The United Kingdom has reversed course on Huawei, announcing plans Tuesday (July 14) to start banning companies in the country from buying equipment from the Chinese telecom and mobile phone giant.
The U.K.’s National Security Council said the ban will take effect at the end of the year, with mobile network operators also required to remove Huawei equipment from their systems by 2027.
The move will push back the timeline for the rollout of 5G mobile internet by two to three years, while adding $2.5 billion to the price tag, Digital, Culture, Media and Sport Secretary Oliver Dowden Secretary told Parliament on Tuesday.
“It has not been an easy decision but it is the right one: for the UK’s telecoms networks, for our national security and our economy — both now and in the long term,” Dowden said in a statement.
The U.K. decision follows a move in May by the United States to hit Huawei with another round of sanctions, barring the Chinese tech behemoth from purchasing semiconductor equipment from U.S. companies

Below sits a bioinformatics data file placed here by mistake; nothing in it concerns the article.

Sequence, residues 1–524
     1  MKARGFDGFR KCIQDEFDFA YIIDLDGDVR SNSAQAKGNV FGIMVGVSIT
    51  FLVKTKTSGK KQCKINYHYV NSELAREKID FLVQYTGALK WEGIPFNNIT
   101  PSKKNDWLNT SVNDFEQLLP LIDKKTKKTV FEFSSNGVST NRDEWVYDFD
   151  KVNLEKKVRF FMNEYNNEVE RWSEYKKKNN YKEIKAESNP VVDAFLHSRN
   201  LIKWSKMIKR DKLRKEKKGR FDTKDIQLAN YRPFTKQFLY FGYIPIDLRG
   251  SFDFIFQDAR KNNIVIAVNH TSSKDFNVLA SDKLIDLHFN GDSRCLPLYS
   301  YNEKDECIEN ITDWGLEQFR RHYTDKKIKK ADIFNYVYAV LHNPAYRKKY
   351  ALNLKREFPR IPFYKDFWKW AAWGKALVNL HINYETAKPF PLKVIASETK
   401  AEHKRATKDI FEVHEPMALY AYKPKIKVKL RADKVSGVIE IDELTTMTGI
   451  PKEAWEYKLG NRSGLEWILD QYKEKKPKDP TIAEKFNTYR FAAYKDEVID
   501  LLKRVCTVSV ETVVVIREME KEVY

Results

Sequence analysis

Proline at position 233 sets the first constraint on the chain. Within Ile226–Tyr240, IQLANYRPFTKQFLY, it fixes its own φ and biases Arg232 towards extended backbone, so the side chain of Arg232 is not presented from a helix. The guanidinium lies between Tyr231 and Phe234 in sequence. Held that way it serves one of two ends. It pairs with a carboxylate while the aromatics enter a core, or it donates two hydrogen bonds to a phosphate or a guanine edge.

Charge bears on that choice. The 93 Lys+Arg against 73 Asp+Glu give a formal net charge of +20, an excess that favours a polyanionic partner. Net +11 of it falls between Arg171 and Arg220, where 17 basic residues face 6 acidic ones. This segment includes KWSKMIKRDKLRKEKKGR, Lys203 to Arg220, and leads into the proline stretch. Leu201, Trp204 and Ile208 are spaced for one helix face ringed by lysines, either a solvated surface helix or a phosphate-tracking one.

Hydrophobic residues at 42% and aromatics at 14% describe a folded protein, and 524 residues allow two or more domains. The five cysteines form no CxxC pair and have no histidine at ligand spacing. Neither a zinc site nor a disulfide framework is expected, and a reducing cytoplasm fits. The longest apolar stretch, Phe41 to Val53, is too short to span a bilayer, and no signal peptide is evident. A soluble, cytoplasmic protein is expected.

The U.S. under the Trump Administration has launched a full-on offensive aimed at getting friends and allies across the world to shut out Huawei, arguing the Chinese Community party ultimately calls the shots and that Huawei’s equipment can be used to spy on other countries.
The latest round of U.S. sanctions proved pivotal to the U.K.’s decision, Dowden noted Tuesday, and reverses plans unveiled in January to give Huawei limited access to the country’s mobile phone networks.
As a result of the new U.S. sanctions, U.K. security officials concluded Huawei would not have the ability to acquire all the equipment and components it would need, and that the Chinese telecom giant, in turn, would not be able to guarantee the security of its equipment.
“What we want is a modern and mature relationship with China, based on mutual respect,” Dowden said. “Today’s decision, however, is about ensuring the long-term security of our telecoms network, specifically in the light of the new US sanctions.”